There are exactly 838 days between today and November 3, 2020 aka Election Day. That’s 2 years, 3 months and 15 days.
Which, in our expert opinions, is a long way from now. Too long, some might say, to make predictions of any sort about how the 2020 race for the Democratic presidential nomination to challenge President Donald Trump might play out.
"Some" is not us. And here’s (a few of the reasons) why:
- If the Iowa caucus — the kickoff of the presidential voting season — is held on the same date it was in 2016 (Feb. 1), we are only 18 months from the first vote.
- One candidate — Maryland Rep. John Delaney — has already officially announced his 2020 candidacy.
- Top-tier potential candidates — from Joe Biden to Elizabeth Warren to Bernie Sanders — have been traveling the country, stopping in key states like Iowa and New Hampshire to support down-ballot candidates in the 2018 midterms
- Polling is already being done — both nationally and in early voting states like New Hampshire — to gauge the early state of the race.
The process of running for president — given the money a candidate has to raise and the organizations that must be built in early voting states — is like an iceberg. The bit that pokes its head out of the water is only a very small part of a much larger mass below the surface.
We are in the below-the-surface part of the presidential primary fight right now — and will be for at least the next five months, while the Democratic Party focuses on trying to win back control of the House and Senate. But just because you don’t see or hear about everything that’s going on doesn’t mean it’s not happening.
Which brings us to our rankings of the 10 men and women most likely — as of today — to wind up as the Democratic nominee in 2020. In ranking these candidates, we considered current polling, historic trends and lessons that the 2018 Democratic primaries have taught us. So, we tended to default to early polling leaders. And women. And liberals.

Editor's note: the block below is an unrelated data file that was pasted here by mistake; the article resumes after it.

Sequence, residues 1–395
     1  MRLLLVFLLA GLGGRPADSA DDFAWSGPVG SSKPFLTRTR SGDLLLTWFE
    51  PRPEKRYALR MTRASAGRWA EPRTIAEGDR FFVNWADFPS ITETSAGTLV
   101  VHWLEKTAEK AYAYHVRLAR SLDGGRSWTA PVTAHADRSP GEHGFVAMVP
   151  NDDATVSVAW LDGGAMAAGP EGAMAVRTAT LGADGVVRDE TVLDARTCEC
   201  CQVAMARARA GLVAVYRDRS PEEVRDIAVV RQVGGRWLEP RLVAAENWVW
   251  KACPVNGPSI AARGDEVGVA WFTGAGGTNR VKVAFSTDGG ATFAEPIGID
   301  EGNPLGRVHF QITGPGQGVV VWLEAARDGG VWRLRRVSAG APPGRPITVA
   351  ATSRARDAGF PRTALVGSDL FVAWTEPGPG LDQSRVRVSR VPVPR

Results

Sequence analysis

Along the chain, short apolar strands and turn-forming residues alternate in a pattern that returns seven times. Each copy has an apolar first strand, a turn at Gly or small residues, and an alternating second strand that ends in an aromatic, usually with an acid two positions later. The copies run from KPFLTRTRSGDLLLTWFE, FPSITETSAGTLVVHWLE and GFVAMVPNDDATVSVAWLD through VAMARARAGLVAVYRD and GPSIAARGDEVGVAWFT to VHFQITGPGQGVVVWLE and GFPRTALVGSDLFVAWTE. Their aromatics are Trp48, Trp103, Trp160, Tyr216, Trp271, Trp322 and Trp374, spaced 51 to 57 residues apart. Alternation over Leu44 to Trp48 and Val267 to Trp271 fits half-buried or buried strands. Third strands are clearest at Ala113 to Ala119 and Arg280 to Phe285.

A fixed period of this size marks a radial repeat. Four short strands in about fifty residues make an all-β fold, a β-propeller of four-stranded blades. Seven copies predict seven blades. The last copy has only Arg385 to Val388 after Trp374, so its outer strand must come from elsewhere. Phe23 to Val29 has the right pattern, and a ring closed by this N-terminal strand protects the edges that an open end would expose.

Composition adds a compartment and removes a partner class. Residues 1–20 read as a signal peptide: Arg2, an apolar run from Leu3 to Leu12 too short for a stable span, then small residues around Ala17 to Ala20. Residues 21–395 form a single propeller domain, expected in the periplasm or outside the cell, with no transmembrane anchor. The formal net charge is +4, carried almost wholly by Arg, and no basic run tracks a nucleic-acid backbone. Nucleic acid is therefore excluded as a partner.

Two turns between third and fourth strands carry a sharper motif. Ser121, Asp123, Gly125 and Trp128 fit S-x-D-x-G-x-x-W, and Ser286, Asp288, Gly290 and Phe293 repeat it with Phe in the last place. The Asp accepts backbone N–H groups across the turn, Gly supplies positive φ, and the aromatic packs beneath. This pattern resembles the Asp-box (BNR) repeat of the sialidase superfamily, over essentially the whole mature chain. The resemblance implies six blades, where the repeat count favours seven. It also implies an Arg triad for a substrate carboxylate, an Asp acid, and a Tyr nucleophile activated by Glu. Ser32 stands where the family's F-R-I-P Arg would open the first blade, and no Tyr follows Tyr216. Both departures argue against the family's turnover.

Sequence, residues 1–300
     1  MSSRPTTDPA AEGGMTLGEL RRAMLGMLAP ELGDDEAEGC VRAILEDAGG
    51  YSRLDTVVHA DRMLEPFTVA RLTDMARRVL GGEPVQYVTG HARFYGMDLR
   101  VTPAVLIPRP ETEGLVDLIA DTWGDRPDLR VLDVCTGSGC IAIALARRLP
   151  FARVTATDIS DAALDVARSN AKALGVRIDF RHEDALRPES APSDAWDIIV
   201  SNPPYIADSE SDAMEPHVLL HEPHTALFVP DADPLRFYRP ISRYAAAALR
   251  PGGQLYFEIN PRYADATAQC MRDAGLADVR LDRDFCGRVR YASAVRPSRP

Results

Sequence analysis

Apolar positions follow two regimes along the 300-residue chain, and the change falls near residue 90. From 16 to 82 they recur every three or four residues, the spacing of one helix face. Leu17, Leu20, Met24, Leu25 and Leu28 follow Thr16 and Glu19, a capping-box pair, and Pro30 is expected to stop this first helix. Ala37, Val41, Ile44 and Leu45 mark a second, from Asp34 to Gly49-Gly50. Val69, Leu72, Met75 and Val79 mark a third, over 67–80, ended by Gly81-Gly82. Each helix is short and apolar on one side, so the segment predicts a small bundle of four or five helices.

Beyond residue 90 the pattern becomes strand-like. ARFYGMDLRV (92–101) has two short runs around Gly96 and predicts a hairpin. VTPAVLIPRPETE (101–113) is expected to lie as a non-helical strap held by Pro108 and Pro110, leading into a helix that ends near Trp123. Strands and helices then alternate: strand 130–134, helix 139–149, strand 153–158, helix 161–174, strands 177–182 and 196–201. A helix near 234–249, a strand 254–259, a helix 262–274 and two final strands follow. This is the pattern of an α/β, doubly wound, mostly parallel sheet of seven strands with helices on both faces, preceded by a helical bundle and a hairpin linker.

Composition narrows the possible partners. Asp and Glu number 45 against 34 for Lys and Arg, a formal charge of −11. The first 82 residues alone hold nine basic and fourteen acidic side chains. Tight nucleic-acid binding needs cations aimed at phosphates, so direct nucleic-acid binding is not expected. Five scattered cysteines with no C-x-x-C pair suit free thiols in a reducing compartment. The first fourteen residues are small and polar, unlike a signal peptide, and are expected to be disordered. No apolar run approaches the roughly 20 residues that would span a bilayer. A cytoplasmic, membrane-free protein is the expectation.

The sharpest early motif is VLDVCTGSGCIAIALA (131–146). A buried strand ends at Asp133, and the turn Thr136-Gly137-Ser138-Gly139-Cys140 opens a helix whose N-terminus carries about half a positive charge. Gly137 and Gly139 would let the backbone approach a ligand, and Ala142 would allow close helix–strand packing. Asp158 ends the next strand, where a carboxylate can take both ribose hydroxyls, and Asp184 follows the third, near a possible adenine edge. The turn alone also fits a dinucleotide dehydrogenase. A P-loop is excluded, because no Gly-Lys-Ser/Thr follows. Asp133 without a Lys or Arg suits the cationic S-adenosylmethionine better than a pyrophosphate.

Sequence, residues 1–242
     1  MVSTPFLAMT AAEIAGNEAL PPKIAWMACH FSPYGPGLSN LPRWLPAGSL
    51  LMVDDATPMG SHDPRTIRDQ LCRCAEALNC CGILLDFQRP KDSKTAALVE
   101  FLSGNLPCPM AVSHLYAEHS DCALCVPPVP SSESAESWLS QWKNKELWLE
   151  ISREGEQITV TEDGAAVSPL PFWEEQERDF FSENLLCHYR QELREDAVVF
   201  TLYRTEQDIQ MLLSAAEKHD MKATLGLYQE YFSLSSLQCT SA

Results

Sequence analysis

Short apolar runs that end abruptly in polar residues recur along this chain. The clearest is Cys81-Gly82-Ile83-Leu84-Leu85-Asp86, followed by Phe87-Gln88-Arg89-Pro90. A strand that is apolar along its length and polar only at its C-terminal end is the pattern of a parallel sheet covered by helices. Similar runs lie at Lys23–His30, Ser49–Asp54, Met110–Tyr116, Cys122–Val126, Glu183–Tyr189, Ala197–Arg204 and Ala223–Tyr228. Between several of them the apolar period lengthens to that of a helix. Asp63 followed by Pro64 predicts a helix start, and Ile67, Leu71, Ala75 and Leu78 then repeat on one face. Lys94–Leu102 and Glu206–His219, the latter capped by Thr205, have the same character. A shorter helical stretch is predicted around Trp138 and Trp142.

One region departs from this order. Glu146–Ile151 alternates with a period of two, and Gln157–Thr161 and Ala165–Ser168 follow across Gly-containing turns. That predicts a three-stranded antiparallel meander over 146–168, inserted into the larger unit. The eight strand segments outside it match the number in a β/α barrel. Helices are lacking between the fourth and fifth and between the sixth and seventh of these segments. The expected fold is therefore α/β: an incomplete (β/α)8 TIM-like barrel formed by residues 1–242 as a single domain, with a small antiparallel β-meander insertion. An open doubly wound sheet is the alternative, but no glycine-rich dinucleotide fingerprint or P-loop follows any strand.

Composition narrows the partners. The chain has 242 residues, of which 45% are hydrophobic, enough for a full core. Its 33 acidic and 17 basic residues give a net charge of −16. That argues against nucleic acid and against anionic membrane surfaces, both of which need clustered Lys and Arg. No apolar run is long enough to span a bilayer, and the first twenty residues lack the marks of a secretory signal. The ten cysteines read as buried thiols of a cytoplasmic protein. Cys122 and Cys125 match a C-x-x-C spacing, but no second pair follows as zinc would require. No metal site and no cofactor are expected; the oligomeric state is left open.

Obviously, this list — just like what Democratic voters are looking for in their candidate — can and will change between now and when the first ballots are cast. And we will be there the whole way, releasing updated rankings once a month between now and then. Don’t see your favorite candidate? Just wait! Or email us and make an argument for what we missed and why; it’s email@example.com and firstname.lastname@example.org.
10. Sherrod Brown: How do you beat a populist like Trump who triumphed in Midwest? You could nominate a Midwestern populist like this senior senator from Ohio. Brown’s liberal recordmatched with a gravelly voice that seems almost out of central casting could be the ticket for Democrats. Brown, though, has said he has no interest in running (and he’s up for re-election to the Senate this fall). At the same time, it’s somewhat hard to imagine Democrats nominating a white senator. Especially one with some question marks in his personal history.
9. Mitch Landrieu: If Democrats want an outsider with experience, then there are few people better than this two-term mayor of New Orleans who has never held federal office. As mayor, he removed Confederate monuments. Being mayor of a majority black city in a party that has a substantial black voting bloc and is becoming more urban could also pay off big. Yet, even with Trump in the White House, it’s tough to imagine that a little-known mayor could win a major party nomination. Especially one with some potholes in his record.
8. Cory Booker: In what is shaping up to be a big field, Booker will have little difficulty generating press. He’s been doing that since a documentary was made about his first run for mayor of Newark (It’s a great documentary). Democrats also have a history of nominating first full-term black senators who have recently given a big Democratic National Convention speech. Want to know why Booker isn’t higher? Google "Cory Booker" and "neo-liberal." Booker may have a major issue with the left intelligentsia due to his ties to Wall Street.